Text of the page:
As I mentioned last week, I’ve lost my nerve with riding twice in almost 23 years. I’m calling that a win, by the way, because it possibly deserves to be a few more times. And in a way, it is. Because when I said I was over the first time, that’s not quite the truth.
I mainly attribute my first loss of confidence to a specific incident, but there was another near-miss which occurred around the same time which seriously shook me, and continues to have an impact on me as a rider now. Again, I’m able to avoid it most of the time, and much like my current issue with jumping, it relates to something very specific. Here’s the story.
When I was almost 12, it was decided that the pony I was loaning was no longer suitable for me – I wouldn’t argue with this: lovely as he was, he was very old (we think over 40) and I needed to move on. Unfortunately, no other ponies were available for loan at my yard, but there was an ex-racehorse (a particularly lazy and not very big one) on livery whose owner was looking for a sharer. As I was tall for my age and – until I became scared of the horse – calm in the saddle, my instructor talked me into it. Looking back, it was a recipe for disaster: I was reluctant, I received little to no advice and support from my instructors and the owner wasn’t able to help me. Oh and it was the middle of winter.
Despite my reservations, I tried with this horse. I can comfortably say I didn’t enjoy riding him – it felt like a chore – but I did it anyway, because it felt like my only option at the time. I’d ride for perhaps half an hour in the sand school, usually getting bucked off at least once before miserably admitting defeat. Hacking out was worse: there are few bridleways in the area and, particularly given that it was winter, we were limited to the country roads around the yard. I felt vulnerable out hacking – my nerves transferring to the horse, making him more skittish and me even more anxious. I had always been the leader of our group of friends, the oldest, wisest and the one in control. I no longer had the answers.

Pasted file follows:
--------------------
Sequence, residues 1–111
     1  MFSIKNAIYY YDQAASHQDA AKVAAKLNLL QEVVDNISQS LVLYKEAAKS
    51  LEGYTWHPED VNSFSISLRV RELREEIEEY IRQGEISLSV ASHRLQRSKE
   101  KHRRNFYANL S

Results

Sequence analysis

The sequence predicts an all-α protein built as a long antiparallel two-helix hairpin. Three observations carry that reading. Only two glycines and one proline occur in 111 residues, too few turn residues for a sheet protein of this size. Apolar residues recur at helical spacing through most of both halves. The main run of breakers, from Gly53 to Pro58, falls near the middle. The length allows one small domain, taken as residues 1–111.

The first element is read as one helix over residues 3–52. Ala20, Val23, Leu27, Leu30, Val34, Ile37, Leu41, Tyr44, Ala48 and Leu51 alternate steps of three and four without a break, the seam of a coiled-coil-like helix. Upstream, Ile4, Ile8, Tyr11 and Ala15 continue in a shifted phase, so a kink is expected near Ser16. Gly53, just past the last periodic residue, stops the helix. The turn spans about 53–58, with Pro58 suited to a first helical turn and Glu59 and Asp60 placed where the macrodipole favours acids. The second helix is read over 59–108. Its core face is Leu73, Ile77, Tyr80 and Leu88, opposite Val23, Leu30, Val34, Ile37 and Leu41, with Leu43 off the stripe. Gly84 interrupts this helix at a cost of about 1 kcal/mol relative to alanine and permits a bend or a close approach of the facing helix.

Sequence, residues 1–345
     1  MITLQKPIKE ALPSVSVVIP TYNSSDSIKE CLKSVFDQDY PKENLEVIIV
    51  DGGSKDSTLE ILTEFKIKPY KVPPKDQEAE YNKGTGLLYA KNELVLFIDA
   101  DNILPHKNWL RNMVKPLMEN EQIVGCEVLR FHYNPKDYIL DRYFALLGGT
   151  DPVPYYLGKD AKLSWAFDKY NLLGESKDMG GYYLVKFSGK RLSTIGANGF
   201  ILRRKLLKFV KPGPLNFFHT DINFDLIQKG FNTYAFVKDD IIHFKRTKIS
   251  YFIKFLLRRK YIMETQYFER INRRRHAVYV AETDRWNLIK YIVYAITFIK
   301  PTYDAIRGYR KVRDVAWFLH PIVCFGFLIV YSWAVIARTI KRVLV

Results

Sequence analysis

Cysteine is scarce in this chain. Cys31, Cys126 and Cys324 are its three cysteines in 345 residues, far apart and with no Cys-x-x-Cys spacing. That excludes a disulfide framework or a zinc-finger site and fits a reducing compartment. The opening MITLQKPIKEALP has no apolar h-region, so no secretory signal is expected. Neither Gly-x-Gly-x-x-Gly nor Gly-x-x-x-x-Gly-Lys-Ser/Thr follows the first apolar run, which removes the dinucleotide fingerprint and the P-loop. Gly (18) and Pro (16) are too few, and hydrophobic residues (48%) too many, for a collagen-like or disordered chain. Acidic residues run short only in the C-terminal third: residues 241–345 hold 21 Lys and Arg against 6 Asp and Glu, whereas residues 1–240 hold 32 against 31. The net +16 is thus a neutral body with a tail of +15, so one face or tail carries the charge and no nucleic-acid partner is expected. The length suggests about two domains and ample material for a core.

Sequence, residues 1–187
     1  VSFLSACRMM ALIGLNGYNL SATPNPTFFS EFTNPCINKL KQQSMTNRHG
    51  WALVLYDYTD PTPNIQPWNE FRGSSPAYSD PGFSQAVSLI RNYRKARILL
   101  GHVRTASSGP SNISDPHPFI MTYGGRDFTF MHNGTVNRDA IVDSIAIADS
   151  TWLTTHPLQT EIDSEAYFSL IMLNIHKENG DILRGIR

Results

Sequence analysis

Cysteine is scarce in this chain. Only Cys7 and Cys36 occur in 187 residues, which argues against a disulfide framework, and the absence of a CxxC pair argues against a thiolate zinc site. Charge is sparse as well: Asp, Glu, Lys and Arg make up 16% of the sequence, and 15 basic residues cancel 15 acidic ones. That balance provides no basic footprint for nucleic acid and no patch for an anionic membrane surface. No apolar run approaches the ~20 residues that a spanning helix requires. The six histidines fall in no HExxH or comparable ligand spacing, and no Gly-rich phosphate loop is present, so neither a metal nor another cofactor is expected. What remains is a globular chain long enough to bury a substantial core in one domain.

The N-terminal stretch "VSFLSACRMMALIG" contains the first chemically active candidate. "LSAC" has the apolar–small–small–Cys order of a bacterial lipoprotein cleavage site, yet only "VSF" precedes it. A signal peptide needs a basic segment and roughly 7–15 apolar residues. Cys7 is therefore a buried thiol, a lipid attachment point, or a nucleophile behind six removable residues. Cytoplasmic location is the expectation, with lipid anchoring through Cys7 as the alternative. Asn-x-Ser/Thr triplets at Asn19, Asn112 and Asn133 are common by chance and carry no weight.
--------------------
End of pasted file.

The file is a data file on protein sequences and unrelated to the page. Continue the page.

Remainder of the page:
The ride which still haunts me focuses on our approach to home. We all knew the roads well and were aware that, recently, our horses had been getting wound up by an animal which lived in a field next to the road. Unfortunately, said field was also next to a small river, where people liked to fish at the weekends (goodness knows what they managed to catch in January). Combine a pesky horse in a field with skittish horses under saddles and fishing equipment galore plus, therefore, many parked cars on a downhill narrow country lane and you’re asking for trouble.
Sure enough, the horse in the field cantered up and down when it saw us. My horse began to prance beneath me. My fear transferred through my seat and hands, compounded by an oncoming vehicle, parked cars and the fact that I was supposed to be looking after my younger sister on her pony. The incident probably wasn’t as calamitous as it is in my head, but my abiding memories are of the sickening sound of horseshoes skidding on tarmac, an ex-racehorse rearing beneath me, a parked car and hard surface swirling below.
The sound of horseshoes failing to gain purchase on tarmac still gets me. You know the particularly skiddy kind, slippery when it isn’t even wet or icy, feels like it has no friction? The feeling I get is definitely one of panic. If I’m on a horse I know and trust and the sound is a result of steady progress with the occasional, unbalanced but quickly corrected slip, I can cope. If it’s because – as was the case twice this summer – I’m riding a horse which I am asking to stand on sentry in a situation which makes me uncomfortable, I struggle. The horse canters again in the field. The men stand fishing on the river bank. We begin to cross the bridge, alongside the parked cars with the oncoming vehicle creeping towards us, and my horse rears, skids, almost topples onto the parked car. I am, once again, 11 years old and I am not ready for this.
And at 26 now, I definitely need help.